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‘By popular demand,’ the ‘Cosby Show’ is returning to television


Bill Cosby won’t stand trial for sexual assault in Montgomery County until next year, but his namesake show is returning to televison.

Bounce TV, which bills itself as the first African-American broadcast network, is ending the ban on airing reruns of The Cosby Show and bringing back the popular show to televisions in Philadelphia and across the country the week before Christmas.

You asked, and we heard you loud and clear, Bouncers. We’re bringing #TheCosbyShow back by popular demand! Tune in December 19th. #TVOurWay pic.twitter.com/p4C5RfYFN2

– Bounce TV (@bouncetv) November 11, 2016

Bounce TV, based in Atlanta, is available to Comcast Xfinity subscribers in and around Philadelphia on channel 262. The station had aired reruns weekdays at 5 p.m. and 5:30 p.m., but pulled it, like many networks that ran the show in syndication, from its lineup in July 2015 when more and and more women came foward with sexual assault charges against the 79-year-old Cosby. The show was also available to subscribers of Hulu, but wasn’t renewed when the multiyear licensing agreement with Carsey Werner Television, first struck back in 2011, expired earlier this month.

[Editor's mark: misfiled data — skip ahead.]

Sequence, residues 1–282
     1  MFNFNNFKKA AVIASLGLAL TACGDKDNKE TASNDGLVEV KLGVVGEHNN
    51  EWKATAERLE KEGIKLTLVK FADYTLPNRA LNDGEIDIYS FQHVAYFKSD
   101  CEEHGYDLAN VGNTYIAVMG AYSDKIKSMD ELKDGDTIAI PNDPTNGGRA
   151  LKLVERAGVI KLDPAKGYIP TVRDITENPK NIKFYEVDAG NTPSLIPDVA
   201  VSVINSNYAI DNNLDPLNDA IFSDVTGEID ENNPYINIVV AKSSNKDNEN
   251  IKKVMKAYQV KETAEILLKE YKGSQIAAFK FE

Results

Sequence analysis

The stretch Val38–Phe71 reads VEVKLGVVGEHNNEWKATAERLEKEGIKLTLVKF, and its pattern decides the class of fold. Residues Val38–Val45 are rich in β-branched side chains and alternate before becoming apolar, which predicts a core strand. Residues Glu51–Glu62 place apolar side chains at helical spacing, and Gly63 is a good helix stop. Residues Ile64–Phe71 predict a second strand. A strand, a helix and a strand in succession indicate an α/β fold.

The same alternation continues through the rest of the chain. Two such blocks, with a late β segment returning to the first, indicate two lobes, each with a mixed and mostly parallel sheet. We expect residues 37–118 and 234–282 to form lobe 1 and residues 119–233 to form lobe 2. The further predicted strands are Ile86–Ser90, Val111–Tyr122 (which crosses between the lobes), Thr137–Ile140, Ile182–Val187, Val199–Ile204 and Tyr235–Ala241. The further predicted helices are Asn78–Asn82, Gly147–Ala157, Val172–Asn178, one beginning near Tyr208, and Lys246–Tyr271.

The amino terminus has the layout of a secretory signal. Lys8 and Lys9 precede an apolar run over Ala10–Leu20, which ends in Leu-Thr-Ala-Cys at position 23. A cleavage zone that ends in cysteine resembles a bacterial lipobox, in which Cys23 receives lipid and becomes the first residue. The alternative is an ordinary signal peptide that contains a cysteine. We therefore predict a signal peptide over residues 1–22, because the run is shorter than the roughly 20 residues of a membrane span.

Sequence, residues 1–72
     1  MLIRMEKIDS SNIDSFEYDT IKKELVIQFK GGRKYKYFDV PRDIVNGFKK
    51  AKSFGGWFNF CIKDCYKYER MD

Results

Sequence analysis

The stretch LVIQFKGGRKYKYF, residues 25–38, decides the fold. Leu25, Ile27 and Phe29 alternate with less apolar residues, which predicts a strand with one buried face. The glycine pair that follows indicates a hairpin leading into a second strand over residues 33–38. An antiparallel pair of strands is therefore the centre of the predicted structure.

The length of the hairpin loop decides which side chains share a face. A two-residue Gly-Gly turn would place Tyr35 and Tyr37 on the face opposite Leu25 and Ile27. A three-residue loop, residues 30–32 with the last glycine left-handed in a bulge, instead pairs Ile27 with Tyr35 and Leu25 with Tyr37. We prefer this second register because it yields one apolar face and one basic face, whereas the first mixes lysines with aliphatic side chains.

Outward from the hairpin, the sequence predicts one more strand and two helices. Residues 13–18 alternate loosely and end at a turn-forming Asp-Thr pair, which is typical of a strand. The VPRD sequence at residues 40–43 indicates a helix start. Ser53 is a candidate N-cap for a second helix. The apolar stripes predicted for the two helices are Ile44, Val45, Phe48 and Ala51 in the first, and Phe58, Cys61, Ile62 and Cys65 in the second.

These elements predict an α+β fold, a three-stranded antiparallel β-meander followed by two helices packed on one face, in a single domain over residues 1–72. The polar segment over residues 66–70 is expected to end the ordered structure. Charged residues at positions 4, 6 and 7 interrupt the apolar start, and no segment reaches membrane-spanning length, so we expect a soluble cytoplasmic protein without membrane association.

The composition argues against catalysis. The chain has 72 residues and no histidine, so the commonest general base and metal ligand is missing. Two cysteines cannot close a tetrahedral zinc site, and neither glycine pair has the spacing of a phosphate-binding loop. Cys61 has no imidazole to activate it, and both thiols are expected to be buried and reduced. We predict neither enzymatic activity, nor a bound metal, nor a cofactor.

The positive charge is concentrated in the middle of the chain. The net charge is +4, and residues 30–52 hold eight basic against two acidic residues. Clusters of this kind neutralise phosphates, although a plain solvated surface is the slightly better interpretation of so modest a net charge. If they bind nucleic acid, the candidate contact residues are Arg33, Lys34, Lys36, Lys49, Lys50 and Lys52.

Considering the allegations against Bill Cosby, will you watch reruns of ‘The Cosby Show’

The reaction to the show’s return to television has been mixed, but one vocal opponent of the move is producer and director Judd Apatow, who ripped Bounce TV on Twitter over the decision:

Who loves rape?!!! @bouncetv loves rape!!! Hey– how about we all never watch it again! Wait – we don’t even know what @bouncetv is!! https://t.co/lWPv1GM0zg

– Judd Apatow (@JuddApatow) November 14, 2016

Presenting a violent rapist to viewers like he is a lovable dad is inappropriate. They have the right to do it and I can be disgusted. https://t.co/KsSh2zsI5T

– Judd Apatow (@JuddApatow) November 15, 2016

The Cosby Show ran on NBC for eight seasons between 1984 and 1992. Its success also spawned a spin-off, A Different World, which itself aired for six seasons from 1978 to 1993.

To date, more than 50 women have accused the comedian of sexual assault over the course of several decades. Cosby has denied the charges, and has pleaded not guilty to sexually assaulting former Temple University student Andrea Constand.

On top of that, his lawyers have argued the comedian expects to restart his entertainment career once he’s clears of all the sexual assult charges he faces.

Cosby remains free on $1 million bail, and the comedian is tentatively scheduled to go on trial in June 2017.

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